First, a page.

3,November,2015: In order to put to rest the allegation of nepotism and favouritism in 2014 Delhi Judicial Services Exams(DJSE) conducted by Delhi High Court, the Supreme Court on Monday decided to get the answer papers of all the examinee re-evaluated by one of its retired judges.
Questions were raised on the fairness of the examination process after it came to light that two only 15 candidates were shortlisted for interview against the vacancy of 80 posts and out of which two candidates were children of sitting judges of the Delhi HC and two other were former research assistant of a HC judge.
For 80 vacancies in the Delhi subordinate judiciary, more than 9,033 candidates had appeared in the preliminary examination in 2014. At least 614 had appeared for the main examination out of 659 who had qualified the prelims. However, the Delhi HC found that only 15 candidates got the required grades to be invited for an interview.
Soon after the result of mains was declared by the Delhi HC, a PIL was filed in the Supreme Court questioning the evaluation process of answer paper as many deserving candidates including at least 68 candidates, who had already cleared judicial examinations of other States and are sitting judges, did not qualify the exam.
A Bench of Justices Dipak Misra and Prafulla C Pant said that it was not necessary that a person who cleared judicial exam of other states would also qualify the DJSE but agreed for re-evaluation of answer sheets of candidates to put to rest allegation on the fairness of the exam. The bench said that it would request a former judge to take up the task and will pass order on Friday after getting his approval.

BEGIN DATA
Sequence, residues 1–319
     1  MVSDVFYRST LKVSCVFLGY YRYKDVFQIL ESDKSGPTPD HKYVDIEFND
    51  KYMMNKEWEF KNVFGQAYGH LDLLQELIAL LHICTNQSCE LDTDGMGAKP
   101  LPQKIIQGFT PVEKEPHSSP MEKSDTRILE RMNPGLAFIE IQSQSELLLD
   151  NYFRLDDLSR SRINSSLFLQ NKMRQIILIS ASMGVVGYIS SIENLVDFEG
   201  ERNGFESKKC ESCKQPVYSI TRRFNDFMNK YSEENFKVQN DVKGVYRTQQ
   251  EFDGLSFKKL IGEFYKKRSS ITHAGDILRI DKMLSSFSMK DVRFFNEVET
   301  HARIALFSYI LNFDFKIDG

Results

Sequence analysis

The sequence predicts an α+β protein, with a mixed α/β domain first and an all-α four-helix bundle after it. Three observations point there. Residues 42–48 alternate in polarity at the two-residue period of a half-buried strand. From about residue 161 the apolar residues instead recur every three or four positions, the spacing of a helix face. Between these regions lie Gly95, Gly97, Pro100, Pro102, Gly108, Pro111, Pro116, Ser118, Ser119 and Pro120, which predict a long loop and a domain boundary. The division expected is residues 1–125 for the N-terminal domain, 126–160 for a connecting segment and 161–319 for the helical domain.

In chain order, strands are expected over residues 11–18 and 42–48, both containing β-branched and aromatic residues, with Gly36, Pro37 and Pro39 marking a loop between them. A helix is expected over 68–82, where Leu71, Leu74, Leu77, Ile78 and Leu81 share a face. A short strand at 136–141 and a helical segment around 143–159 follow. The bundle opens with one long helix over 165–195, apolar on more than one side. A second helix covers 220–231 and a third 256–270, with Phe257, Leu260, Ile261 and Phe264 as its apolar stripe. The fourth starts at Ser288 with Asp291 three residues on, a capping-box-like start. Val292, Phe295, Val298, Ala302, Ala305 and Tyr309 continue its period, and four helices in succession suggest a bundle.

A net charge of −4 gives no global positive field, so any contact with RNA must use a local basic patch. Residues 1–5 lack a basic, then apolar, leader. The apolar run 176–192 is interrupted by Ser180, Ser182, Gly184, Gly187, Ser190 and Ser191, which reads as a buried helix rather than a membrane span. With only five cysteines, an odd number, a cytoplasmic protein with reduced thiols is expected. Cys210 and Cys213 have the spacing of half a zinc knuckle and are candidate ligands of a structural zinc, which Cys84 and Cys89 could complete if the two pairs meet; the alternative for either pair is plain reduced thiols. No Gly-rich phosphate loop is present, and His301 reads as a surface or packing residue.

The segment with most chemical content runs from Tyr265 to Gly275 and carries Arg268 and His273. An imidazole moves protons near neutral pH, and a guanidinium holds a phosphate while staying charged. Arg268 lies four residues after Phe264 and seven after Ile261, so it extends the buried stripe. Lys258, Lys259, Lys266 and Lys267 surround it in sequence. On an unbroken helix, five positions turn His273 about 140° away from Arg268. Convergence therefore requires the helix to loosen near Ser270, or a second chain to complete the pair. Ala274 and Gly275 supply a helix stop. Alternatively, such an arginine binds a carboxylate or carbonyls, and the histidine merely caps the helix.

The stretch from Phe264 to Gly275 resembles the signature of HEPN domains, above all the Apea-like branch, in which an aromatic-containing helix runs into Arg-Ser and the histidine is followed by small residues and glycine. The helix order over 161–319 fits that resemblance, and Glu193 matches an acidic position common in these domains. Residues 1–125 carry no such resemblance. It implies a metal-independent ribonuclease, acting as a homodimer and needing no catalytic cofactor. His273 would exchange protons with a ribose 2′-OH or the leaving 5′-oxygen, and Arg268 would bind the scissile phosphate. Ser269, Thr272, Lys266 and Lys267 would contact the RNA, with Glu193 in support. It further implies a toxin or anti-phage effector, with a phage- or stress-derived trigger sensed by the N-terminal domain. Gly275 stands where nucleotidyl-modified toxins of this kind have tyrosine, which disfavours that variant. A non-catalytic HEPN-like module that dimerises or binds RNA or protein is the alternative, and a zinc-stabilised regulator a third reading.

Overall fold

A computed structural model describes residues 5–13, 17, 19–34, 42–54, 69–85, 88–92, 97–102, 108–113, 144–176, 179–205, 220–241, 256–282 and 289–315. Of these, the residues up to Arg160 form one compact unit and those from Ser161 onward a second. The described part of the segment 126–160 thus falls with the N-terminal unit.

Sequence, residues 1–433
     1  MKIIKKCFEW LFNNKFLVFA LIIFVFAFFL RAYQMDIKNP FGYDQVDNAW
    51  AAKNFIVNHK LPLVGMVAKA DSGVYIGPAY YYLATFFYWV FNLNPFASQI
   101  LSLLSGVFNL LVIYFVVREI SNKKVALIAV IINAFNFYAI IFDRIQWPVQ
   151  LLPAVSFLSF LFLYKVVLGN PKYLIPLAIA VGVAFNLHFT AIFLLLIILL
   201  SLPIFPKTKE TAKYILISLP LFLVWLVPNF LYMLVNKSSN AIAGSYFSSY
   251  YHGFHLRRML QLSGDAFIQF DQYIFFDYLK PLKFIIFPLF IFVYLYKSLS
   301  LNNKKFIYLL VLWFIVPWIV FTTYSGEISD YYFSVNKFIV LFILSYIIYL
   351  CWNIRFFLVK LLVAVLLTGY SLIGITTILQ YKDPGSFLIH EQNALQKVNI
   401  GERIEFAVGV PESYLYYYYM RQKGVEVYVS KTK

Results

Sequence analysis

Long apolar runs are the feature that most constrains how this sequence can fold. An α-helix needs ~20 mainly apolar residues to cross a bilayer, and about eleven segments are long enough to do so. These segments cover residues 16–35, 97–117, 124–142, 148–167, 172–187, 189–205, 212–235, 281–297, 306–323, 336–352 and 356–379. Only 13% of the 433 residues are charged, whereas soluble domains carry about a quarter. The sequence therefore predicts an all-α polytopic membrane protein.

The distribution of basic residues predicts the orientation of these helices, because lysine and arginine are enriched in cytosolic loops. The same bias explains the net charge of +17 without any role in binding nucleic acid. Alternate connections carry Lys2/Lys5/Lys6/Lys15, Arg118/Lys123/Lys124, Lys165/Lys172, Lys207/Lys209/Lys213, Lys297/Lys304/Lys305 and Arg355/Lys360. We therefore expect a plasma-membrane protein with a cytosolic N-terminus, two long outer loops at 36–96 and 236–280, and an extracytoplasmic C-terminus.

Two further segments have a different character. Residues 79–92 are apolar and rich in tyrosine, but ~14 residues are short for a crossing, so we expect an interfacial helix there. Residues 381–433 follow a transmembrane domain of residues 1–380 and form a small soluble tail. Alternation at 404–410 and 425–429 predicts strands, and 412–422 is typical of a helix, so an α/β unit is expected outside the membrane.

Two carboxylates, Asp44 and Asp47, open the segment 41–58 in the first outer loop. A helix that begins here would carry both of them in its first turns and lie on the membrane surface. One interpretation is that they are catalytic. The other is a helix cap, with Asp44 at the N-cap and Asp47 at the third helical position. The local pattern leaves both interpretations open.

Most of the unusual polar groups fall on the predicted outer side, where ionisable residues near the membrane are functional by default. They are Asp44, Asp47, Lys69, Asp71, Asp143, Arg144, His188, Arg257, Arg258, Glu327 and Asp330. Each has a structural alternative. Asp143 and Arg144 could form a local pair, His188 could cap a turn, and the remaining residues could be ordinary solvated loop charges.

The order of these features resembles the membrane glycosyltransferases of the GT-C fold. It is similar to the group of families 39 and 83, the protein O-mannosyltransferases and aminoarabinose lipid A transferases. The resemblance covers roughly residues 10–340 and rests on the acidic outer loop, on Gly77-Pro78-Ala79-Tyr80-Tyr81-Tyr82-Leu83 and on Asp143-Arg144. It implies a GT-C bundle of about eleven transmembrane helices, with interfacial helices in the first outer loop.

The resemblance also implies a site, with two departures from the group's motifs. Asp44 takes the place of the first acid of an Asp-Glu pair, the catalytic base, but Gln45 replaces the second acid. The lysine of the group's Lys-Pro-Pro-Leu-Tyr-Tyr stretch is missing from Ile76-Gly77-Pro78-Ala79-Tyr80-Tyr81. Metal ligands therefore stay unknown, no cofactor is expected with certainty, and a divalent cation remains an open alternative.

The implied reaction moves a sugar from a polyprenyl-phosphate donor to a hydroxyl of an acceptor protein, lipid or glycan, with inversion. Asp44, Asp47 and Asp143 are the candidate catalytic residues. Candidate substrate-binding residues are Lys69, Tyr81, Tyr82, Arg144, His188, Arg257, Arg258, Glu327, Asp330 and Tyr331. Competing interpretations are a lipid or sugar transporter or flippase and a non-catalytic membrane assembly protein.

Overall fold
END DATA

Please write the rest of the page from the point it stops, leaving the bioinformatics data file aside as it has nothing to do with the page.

Advocate A D N Rao, appearing for HC, which conducted the recruitment of judges in the Delhi subordinate judiciary, said the entire process was transparent and as per norms and did not object to the proposal of re-evaluation. Advocate Prashat Bhushan, appearing for the petitioner, asked the court to examine the answer sheet of some of candidates but the court turned down his plea.
"What is remarkable is that at least 68 candidates, who appeared for the main exam but not selected for the interview, are those who have already cleared judicial examinations of other States and most of them are sitting judges in their respective states. At least 6 of them are 1st rank holders in the judicial exams of their respective states, and at least 3 candidates are 2nd rank holders in their respective judicial exams," he said.
"In a selection system in which the High Court itself conducts the examinations for selection of the judicial officers, the possibility of conflict of interest or even allegation of bias cannot be ruled out," the petitioner claimed. It sought a uniform and transparent system of evaluation and selection without compromising on merits.
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Read the Supreme Court Order-
Delhi Judicial Services Exam Order